Grab a pen and a piece of paper and jot down off the top of your head your household net worth. Net worth, in case you are not exactly sure, is the total value of your assets minus your total liabilities.
The first thing to know about your net worth estimate is that it probably is wrong—not just by a few dollars, but by a lot of dollars. Numerous studies have found that families either don’t have any idea what they are worth, or their idea is wrong. For example, a study by Jay Zagorsky, a research scientist at the Center for Human Resource Research at Ohio State University and Boston University School of Management, estimated that 70 percent of households underestimate their net worth, and 25 percent overestimate their wealth.
Furthermore, those who underestimate their wealth do so by nearly 40 percent. For every dollar they are really worth, they think they are worth only 62 cents, and for each dollar their wealth rises, they think they are gaining only 27 cents.
Why should you care about your net worth? Net worth is the best measurement of the state of your financial health. Most of our major spending, investing and other financial decisions are made, or should be, based on our net worth, and obviously the more accurate that estimate, the better. For example, if you overestimate your net worth, you may not save as much as you should for your retirement, or you may overspend based on your perceived wealth. Underestimate your net worth, and you may either save more than necessary for your retirement, take on extra investment risk in the belief you need to make up for what you perceive as insufficient wealth, or buy insufficient insurance coverage.
Calculating an accurate picture of your net worth is relatively easy. Computer programs or worksheets are readily available that run you through the process. Generally, start with how much money you have in checking and savings accounts, U.S. savings bonds (current value), and certificates of deposit and money markets. Add in the current market value of your stocks, bonds, home, real estate investments, retirement plan accounts, individual retirement accounts and business interests. Include the surrender value of your annuities and the cash (surrender) value of your life insurance. And add up the value of your personal belongings: jewelry, automobiles, clothing, furnishings, appliances, collectibles, computers, and so on. Their value should be their current market value—what you could get in cash for the items.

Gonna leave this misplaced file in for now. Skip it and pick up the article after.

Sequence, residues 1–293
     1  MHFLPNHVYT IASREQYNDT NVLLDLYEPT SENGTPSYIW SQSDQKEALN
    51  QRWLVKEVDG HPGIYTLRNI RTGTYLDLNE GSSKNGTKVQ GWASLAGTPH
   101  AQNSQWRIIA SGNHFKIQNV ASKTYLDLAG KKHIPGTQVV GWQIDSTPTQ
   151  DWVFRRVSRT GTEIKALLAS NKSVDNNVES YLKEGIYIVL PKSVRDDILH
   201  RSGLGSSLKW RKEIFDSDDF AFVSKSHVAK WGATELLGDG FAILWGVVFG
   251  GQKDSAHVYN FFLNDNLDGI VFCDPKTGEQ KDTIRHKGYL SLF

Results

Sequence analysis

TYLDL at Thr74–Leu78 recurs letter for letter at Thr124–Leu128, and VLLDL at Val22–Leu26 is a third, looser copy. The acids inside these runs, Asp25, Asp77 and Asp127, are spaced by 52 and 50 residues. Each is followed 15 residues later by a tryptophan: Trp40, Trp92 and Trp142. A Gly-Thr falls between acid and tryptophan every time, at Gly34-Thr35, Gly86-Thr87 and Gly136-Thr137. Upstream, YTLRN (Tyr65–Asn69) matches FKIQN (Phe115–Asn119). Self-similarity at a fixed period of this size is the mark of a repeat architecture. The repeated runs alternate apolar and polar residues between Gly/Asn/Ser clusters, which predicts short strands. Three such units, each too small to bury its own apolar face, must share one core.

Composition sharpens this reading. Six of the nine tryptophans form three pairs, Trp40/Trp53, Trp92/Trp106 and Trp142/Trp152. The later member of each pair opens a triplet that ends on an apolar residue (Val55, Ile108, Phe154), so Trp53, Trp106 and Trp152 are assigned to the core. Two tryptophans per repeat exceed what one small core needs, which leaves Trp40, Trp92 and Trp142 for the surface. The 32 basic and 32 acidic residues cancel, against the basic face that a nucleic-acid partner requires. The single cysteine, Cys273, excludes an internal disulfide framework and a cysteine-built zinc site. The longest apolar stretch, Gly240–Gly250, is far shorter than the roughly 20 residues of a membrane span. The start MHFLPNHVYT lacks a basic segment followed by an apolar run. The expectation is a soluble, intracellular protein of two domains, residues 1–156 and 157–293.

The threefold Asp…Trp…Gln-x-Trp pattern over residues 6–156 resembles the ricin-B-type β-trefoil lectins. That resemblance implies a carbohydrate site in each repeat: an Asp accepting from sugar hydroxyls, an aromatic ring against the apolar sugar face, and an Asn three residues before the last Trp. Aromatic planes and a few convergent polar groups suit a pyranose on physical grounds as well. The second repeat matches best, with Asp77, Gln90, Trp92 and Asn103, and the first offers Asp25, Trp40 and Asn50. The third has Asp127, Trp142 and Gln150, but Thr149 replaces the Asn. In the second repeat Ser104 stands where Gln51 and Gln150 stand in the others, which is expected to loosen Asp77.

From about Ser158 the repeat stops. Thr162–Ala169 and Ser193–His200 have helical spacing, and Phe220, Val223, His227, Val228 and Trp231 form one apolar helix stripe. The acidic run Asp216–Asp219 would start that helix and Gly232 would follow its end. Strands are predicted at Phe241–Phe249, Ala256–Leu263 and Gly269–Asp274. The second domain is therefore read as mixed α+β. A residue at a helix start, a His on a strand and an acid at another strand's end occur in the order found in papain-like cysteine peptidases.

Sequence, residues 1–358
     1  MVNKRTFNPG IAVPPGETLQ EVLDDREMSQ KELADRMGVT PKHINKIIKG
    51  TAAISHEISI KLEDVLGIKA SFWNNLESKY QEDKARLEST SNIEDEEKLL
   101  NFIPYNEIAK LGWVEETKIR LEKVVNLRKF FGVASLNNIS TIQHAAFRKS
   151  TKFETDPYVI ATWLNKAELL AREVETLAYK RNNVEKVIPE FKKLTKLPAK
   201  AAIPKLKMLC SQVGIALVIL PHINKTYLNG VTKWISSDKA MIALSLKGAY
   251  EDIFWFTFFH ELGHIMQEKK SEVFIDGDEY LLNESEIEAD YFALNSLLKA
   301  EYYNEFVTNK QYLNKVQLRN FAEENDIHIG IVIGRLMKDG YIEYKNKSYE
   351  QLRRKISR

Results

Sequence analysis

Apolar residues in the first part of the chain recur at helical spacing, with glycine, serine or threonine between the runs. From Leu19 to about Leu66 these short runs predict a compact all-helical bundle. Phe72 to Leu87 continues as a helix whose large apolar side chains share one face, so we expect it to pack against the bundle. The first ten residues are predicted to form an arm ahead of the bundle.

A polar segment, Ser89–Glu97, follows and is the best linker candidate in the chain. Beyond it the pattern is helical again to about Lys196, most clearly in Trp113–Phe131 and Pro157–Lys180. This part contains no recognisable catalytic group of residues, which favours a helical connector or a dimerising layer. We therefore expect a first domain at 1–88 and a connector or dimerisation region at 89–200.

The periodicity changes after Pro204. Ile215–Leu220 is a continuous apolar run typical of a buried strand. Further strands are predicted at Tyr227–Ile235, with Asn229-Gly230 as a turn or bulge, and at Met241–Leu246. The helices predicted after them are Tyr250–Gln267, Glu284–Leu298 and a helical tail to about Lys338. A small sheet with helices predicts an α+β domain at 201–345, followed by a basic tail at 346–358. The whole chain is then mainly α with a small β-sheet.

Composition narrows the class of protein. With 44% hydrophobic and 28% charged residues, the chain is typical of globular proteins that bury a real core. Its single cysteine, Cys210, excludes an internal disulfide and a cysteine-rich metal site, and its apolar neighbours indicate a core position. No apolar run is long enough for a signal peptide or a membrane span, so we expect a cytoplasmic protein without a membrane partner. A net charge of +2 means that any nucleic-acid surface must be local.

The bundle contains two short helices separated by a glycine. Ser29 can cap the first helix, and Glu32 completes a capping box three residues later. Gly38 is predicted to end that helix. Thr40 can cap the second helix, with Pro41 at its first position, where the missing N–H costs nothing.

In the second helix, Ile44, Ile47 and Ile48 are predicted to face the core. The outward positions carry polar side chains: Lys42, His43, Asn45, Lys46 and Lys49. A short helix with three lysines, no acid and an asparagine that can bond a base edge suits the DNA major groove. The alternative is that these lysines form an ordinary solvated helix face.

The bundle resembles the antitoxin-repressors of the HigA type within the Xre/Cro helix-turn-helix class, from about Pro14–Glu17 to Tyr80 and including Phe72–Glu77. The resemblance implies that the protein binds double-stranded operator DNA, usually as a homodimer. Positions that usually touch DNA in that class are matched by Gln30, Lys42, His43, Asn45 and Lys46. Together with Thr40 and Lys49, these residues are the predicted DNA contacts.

On the liability side, include the mortgage on your home, car loans, student loans, credit-card debt, unpaid taxes, insurance premiums, charitable pledges and outstanding bills. Subtract your liabilities from your assets. That’s your net worth.
Take this measurement every year. It provides a benchmark about how well you are doing. Is your net worth positive or negative, and perhaps more important, is it improving or getting worse? Take a freshly-minted college graduate saddled with student loans. Their net worth is probably negative. They land a job that pays well. They buy a new car, loads of consumer items, maybe even a new home or condo. Current income is enough to pay the bills, but that’s about it. Yet what about their net worth? Unless they’ve made a concerted effort to pay extra toward the student loans, they still have a negative net worth. In fact, the car and house have added to that negative picture. If they aren’t salting away much money in savings and investing, their overall financial health isn’t as sound as their regular income would make it appear.